sen

Posts

Sorted by New

Comments

What counts as defection?

Understood. I do think it's significant though (and worth pointing out) that a much simpler definition yields all of the same interesting consequences. I didn't intend to just disagree for the sake of getting clearer terminology. I wanted to point out that there seems to be a simpler path to the same answers, and that simpler path provides a new concept that seems to be quite useful.

What counts as defection?

This can turn into a very long discussion. I'm okay with that, but let me know if you're not so I can probe only the points that are likely to resolve. I'll raise the contentious points regardless, but I don't want to draw focus on them if there's little motivation to discuss them in depth.

I agree that a split in terminology is warranted, and that "defect" and "cooperate" are poor choices. How about this:

  • Coalition members may form consensus on the coalition strategy. Members of a coalition may follow the consensus coalition strategy or violate the consensus coalition strategy.
  • Members of a coalition may benefit the coalition or hurt the coalition.
  • Benefiting the coalition means raising its payoff regardless of consensus. Hurting the coalition means reducing its payoff regardless of consensus. A coalition may form consensus on the coalition strategy regardless of the optimality of that strategy.

Contentious points:

  • I expect that treating utility so generally will lead to paradoxes, particularly when utility functions are defined in terms of other utility functions. I think this is an extremely important case, particularly when strategies take trust into account. As a result, I expect that such a general notion of utility will lead to paradoxes when using it to reason about trust.
  • "Utility is not a resource." I think this is a useful distinction when trying to clarify goals, but not a useful distinction when trying to make decisions given a set of goals. In particular, once the payoff tables are defined for a game, the goals must already have been defined, and so utility can be treated as a resource in that game.
What counts as defection?
The "expected coalition strategy" is, let's say, "no one gets any". By this definition, is it a defection to then propose an even allocation of resources (a Pareto improvement)?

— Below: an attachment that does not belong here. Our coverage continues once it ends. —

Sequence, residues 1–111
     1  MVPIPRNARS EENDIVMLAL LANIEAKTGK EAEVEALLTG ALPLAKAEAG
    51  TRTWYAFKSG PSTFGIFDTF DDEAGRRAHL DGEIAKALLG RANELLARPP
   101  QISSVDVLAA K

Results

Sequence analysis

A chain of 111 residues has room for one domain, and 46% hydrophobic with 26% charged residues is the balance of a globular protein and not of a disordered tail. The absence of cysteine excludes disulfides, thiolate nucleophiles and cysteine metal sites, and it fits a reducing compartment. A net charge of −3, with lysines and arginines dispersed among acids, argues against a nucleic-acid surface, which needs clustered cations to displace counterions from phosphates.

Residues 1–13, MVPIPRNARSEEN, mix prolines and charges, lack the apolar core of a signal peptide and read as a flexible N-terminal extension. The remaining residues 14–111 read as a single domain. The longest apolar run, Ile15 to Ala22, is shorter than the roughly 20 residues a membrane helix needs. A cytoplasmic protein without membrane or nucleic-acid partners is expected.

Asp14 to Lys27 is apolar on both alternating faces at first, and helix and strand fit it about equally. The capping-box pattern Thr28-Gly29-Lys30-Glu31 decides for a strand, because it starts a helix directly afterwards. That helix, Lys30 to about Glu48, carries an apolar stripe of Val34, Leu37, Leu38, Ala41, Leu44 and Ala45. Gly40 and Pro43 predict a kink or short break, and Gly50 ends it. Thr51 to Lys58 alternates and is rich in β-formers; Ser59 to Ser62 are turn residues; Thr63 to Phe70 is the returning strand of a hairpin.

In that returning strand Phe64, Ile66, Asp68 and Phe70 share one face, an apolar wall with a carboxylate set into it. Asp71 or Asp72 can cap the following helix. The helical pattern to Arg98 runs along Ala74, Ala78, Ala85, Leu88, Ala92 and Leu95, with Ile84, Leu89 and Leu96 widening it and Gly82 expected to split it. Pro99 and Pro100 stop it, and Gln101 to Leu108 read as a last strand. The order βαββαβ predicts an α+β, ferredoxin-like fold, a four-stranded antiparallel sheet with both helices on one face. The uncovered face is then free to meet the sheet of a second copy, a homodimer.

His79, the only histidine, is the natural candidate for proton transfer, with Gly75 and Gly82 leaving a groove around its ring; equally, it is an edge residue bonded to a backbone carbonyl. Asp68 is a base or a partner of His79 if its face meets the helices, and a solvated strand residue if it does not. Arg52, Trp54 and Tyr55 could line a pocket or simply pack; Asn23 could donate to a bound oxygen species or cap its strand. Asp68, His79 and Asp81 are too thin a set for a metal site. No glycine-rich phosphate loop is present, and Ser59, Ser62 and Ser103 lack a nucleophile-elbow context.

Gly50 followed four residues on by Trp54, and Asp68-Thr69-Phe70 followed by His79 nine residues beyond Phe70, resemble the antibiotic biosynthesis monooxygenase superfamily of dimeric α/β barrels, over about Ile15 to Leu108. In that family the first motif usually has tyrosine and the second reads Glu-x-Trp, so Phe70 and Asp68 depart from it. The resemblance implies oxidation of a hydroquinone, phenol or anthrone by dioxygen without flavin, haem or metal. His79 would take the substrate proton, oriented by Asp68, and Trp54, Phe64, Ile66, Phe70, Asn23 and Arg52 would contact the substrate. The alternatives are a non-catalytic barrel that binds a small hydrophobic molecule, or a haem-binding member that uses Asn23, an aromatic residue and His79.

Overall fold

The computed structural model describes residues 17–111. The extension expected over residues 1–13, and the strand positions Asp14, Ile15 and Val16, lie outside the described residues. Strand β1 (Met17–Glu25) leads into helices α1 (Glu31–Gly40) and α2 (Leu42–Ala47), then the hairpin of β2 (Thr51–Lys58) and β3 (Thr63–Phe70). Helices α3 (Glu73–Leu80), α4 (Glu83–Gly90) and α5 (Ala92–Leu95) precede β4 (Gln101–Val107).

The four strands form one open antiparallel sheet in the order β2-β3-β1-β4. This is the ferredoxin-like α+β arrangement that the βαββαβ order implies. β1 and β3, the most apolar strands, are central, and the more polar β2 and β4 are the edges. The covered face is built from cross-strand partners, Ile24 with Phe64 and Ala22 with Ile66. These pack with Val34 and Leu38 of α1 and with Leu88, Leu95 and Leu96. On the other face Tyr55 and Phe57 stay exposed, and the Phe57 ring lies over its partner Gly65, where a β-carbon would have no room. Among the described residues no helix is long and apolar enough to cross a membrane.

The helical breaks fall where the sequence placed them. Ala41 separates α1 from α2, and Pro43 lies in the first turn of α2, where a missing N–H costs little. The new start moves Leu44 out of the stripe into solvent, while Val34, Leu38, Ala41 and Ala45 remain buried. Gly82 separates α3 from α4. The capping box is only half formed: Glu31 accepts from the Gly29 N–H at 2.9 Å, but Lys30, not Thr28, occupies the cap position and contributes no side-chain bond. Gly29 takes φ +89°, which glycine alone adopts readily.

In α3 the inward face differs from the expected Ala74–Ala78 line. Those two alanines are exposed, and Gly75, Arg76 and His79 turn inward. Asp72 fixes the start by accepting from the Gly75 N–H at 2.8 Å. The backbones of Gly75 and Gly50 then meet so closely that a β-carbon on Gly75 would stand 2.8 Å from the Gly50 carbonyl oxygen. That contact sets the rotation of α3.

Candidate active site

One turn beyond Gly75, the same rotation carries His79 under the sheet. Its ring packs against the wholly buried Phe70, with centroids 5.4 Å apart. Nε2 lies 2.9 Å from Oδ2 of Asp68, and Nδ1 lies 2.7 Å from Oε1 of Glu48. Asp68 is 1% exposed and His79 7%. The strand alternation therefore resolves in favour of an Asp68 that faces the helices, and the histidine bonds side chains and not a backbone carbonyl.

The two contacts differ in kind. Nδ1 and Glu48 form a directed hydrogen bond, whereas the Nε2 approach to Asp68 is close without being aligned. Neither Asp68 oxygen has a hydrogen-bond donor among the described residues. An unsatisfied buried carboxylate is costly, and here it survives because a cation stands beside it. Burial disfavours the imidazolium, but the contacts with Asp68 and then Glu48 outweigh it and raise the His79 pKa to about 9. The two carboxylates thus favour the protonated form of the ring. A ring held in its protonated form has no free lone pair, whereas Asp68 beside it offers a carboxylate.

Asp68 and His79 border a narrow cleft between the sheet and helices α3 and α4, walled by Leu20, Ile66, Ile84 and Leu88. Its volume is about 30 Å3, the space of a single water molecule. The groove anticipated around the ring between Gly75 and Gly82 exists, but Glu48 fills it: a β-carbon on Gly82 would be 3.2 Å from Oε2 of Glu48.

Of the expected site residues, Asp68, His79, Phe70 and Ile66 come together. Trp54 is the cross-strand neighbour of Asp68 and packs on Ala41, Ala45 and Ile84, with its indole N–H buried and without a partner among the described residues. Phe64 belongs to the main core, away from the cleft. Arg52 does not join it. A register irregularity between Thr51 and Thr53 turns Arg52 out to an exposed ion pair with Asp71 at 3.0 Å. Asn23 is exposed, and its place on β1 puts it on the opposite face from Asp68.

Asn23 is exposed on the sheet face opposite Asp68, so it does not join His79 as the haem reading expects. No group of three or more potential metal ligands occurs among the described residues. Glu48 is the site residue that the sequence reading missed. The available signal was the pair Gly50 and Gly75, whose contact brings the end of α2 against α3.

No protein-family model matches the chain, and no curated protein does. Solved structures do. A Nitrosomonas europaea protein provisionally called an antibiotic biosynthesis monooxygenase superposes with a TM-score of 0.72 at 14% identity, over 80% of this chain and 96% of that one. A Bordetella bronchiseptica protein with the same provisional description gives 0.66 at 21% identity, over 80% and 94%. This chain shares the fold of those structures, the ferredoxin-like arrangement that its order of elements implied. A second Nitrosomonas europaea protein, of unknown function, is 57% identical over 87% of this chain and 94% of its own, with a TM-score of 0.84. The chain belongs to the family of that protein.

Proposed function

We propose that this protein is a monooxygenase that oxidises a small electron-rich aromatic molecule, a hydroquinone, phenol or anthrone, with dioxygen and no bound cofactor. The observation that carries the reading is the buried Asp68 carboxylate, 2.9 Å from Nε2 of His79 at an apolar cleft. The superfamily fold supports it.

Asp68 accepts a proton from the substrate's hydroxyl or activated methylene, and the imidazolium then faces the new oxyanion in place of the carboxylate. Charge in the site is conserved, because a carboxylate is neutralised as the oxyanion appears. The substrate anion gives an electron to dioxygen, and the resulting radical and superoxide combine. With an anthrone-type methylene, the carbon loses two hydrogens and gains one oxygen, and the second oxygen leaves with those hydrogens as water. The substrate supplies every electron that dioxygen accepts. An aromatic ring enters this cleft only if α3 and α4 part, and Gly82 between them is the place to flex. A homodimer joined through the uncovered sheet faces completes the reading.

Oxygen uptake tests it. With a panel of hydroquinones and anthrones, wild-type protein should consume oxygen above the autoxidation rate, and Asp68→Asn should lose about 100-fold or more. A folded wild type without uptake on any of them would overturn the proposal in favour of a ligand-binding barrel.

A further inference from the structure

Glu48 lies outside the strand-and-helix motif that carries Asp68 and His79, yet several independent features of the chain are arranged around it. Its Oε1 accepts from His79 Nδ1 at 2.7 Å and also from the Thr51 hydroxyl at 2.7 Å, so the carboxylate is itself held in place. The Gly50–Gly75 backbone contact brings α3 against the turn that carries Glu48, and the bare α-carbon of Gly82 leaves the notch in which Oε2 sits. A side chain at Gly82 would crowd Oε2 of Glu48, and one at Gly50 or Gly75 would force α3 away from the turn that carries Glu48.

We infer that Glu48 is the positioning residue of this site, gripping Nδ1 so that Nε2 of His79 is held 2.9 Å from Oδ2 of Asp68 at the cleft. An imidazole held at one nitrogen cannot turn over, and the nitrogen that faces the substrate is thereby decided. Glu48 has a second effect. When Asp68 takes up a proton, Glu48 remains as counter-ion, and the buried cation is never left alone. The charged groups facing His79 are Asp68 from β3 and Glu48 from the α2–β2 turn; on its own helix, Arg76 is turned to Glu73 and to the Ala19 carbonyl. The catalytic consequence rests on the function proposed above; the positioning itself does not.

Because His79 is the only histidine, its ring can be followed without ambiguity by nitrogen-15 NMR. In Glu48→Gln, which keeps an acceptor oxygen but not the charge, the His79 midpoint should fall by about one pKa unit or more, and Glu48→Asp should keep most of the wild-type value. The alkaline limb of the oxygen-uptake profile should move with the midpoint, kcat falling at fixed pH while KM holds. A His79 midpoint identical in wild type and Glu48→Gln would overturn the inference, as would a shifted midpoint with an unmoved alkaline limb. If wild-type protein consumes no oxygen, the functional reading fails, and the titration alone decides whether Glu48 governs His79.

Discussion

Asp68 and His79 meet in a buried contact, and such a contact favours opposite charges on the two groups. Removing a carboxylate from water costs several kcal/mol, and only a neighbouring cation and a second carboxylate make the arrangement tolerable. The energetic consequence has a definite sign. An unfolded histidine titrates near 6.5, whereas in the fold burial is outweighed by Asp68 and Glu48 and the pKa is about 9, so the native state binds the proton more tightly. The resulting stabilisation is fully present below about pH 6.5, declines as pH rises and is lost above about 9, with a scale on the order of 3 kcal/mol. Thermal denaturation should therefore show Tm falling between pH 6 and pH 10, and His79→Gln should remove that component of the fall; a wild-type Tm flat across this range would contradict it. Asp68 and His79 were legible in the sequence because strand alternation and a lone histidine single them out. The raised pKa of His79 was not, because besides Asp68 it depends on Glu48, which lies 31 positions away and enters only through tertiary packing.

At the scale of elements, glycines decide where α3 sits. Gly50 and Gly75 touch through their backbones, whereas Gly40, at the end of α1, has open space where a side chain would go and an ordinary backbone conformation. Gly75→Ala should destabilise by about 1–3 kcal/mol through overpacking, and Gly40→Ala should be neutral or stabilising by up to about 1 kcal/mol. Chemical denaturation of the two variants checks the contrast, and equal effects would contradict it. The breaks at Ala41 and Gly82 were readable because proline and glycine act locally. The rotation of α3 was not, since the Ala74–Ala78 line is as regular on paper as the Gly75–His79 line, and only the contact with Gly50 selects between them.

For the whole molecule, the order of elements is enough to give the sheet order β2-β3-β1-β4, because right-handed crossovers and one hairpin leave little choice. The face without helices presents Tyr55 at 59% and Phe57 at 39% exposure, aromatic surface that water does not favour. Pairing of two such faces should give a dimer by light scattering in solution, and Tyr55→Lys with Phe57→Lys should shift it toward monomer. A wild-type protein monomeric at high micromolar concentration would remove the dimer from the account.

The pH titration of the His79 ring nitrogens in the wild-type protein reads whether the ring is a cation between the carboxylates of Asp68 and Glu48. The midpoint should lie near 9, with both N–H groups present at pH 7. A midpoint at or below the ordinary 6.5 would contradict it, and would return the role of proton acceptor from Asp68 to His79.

In my view, yes. If we agreed that no one should get any resources, then it's a violation for you to get resources or for you to deceive me into getting resources.

I think the difference is in how the two of us view a strategy. In my view, it's perfectly acceptable for the coalition strategy to include a clause like "it's okay to do X if it's a pareto improvement for our coalition." If that's part of the coalition strategy we agree to, then pareto improvements are never defections. If our coalition strategy does exclude unilateral actions that are pareto improvements, then it is a defection to take such actions.

Another question: how does this idea differ from the core in cooperative game theory?

I'm not a mathematician or an economist, my knowledge on this hasn't been tested, and I just discovered the concept from your reply. Please read the following with a lot of skepticism because I don't know how correct it is.

Some type differences:

  • A core is a set of allocations. I'm going to call it core allocations so it's less confusing.
  • A defection is a change in strategy (per both of our definitions).

As far as the relationship between the two:

  • A core allocation satisfies a particular robustness property: it's stable under coalition refinements. A "coalition refinement" here is an operation with a coalition is replaced by a partition of that coalition. Being stable under coalition refinements, the coalition will not partition itself for rational reasons. So if you have coalitions {A, B} and {C}, then every core allocation is robust against {A, B} splitting up into {A}, {B}.
  • Defections (per my definition) don't deal strictly with coalition refinements. If one member leaves a coalition to join another, that's still a defection. In this scenario, {A, B}, {C} is replaced with {A}, {B, C}. Core allocations don't deal with this scenario since {A}, {B, C} is not a refinement of {A, B}, {C}. As a result, core allocations are not necessarily robust to defections.